Court name
HC: Criminal Division (Uganda)
Judgment date
17 April 2014

Namuremwe & 2 Ors v Uganda (HCT-04-CR-CM-2013/71) [2014] UGHCCRD 29 (17 April 2014);

Cite this case
[2014] UGHCCRD 29
Short summary:

Criminal law





  1. HCT-04-CR-CM-0071-2013






  1. HCT-04-CR-CM-0072-2013


CHEBET ALFRED.........................................APPLICANT




  1. HCT-04-CR-CM-0073-2013


YORAMU KASUMU.....................................APPLICANT









This is an application brought under the provisions of section 205 of the Magistrates Courts Act and section 40 (2) of the Civil Procedure Act.


Application seeks orders that the applicants be granted bail pending hearing and determination of CRO/12/13; which is an appeal. 

The various applicants filed affidavits in support of their application. The application is grounded on the following averments.

  1. That their appeal has great chances of success.
  2. That there is likelihood that hearing of the appeal will delay.
  3. That it is in the interest of the applicants that they be granted bail.


Counsel for applicants referred court to the case of ARVIND PATEL V. UGANDA CRA (1)2003, where the Justice Oder, Justice SC, as he then was pointed out that the considerations for bail pending appeal are;

  1. Character of applicant
  2. Whether he/she is a first offender or not.
  3. Whether offence with which applicant was convicted involved personal violence.
  4. That appeal isn’t frivolous and has reasonable possibility of success.
  5. Possibility of substantial delay in determining the appeal.
  6. Whether applicant has complied with bail terms before or during the appeal.


All applicants in their affidavits deponed to the likelihood in having their appeal tried.

Resident State Attorney opposed the application raising issues with the available evidence on affidavits being insufficient to prove all necessary ingredients for bail pending appeal citing cases of Igamu Joanita v. Uganda; where the Judge held that evidence must be specifically led by affidavit to show that accused will not abscond.  Also in ARVIND PATEL V. UGANDA SC CRIM. APP. NO.1/2003, where considerations for bail pending appeal are laid down, the character of applicants needs to be shown as not likely to abscond –which was not done by applicants.  Resident State Attorney had issues with the letters and identifications presented by the sureties, and prayed that the application be rejected.

He further pointed out that appellants have not shown by evidence that the appeal has great chance of success or that substantial delay is likely to occur; before the appeal is heard.


I have carefully perused the application and listened to arguments by both counsel.  Guided by the authorities and the law quoted, I find as herebelow.


Conditions which courts have followed in granting bail pending appeal were well articulated in the case of ARVIND PATEL V. UGANDA SC APP. NO.1/2003.

I will examine them one by one.  He determines if this application meets their demands.

  1. Likelihood of substantial delay in hearing the appeal.

I have perused the record and I have not seen either in the pleadings or by any action of appellants an indication that the necessary steps to fix the appeal were taken.  It is speculative to imagine that an appeal will be delayed simply because a court has so many other cases before it.  This requirement was not proved.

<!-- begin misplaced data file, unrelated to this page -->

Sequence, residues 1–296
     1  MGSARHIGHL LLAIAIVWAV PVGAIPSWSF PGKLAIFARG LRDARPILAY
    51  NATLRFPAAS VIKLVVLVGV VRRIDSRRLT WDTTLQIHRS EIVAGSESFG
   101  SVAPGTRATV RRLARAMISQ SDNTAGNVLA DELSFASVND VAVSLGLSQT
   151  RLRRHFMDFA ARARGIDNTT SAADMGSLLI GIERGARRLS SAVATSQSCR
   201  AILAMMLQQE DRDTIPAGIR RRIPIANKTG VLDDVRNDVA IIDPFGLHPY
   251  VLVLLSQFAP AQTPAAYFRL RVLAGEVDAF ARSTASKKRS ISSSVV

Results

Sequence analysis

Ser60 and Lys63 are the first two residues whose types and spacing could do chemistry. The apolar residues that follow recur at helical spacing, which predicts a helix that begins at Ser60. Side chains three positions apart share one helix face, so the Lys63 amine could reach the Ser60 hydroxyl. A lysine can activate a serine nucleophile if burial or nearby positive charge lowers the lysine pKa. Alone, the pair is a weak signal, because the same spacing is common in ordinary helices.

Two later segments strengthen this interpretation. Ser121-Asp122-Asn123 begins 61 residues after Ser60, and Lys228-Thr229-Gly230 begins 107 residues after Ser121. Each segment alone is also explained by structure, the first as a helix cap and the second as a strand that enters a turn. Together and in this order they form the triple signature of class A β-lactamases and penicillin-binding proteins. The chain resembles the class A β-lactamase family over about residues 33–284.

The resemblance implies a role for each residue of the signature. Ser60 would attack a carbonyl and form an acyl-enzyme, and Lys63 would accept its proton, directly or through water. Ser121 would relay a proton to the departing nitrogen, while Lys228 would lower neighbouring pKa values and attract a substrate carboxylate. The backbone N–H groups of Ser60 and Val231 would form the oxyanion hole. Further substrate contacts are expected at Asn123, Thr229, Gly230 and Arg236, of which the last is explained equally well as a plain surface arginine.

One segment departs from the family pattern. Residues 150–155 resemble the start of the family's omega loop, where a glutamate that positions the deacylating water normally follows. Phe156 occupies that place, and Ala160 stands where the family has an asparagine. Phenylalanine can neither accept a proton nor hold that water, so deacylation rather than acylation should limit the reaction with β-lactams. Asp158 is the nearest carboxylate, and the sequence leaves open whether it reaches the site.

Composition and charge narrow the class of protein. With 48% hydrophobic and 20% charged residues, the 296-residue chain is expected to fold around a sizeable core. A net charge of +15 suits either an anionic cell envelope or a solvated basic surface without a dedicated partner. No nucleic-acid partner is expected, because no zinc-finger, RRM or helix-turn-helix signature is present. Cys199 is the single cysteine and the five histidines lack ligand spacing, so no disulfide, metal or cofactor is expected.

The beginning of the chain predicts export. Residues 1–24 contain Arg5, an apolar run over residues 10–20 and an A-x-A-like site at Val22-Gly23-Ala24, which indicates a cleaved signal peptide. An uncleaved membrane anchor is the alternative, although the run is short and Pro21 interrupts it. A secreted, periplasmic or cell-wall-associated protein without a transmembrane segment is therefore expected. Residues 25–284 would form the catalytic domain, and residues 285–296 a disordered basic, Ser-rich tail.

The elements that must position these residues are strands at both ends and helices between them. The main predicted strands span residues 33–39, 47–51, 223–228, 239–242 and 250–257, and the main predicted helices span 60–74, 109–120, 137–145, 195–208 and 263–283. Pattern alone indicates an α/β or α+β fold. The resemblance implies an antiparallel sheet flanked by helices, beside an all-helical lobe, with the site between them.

1. The appeal was not frivolous.  Resident State Attorney concedes that the appeal is not frivolous.  This court finds so.
  2. The offence did not involve personal violence.  This was a charge of forcible entry and malicious damage to property c/s 335 (1) of the Penal Code Act and 77 of the Penal Code Act.  There was no personal violence.
  3. Appellant had been on bail and never absconded.  There is no evidence of bail on record.
  4. That accused are of advanced age is not pleaded.
  5. That applicants have fixed places of abode.

Accused have all produced evidence of their residences as per documents on record.

  1. That applicants have substantial sureties.  Sureties were provided.


With the above in mind, Ag. J Ouma in KIGANDA & ORS V. UGANDA 1984 HCB, held and guided that the following principles govern the determination of an application for bail pending appeal by a convict:

  1. The character and antecedents of applicant.
  2. The possibility of a substantial delay in hearing an appeal.
  3. Whether offence involved personal violence.
  4. Whether appeal has possibility of success.


The above four grounds are crucial and in my view should form the crux of the appellants’ evidence.  The court must have evidence before it to prove sufficiently the appellants who are now convicts are willing to prosecute their appeal and have taken all necessary steps so to do, but there has been delay which is substantial.  They must also show by evidence that they are of good character and are not likely to abscond.  Evidence must specifically further show that the appeal has a great possibility of success.  As rightly argued by the learned Resident State Attorney, applicants in this case have not tried at all to lead evidence to prove any or all of the above orthodox requirements.


All I see on record is a memorandum of appeal, record of proceedings and a general statement by affidavit that the appeal has a great chance of success.  I have perused these documents and am not inclined to believe the assertion that this appeal is likely to substantially delay, or that it is likely to succeed, when not even a single step to have it fixed has even been done.


I am not convinced with the reasons put forward for the requirements by accused to be released on bail pending appeal.  The application does not therefore succeed.  HOWEVER, I will order the Registrar that let this appeal be fixed for trial immediately not exceeding 30 days from date of this Ruling.


I so order.



Henry I. Kawesa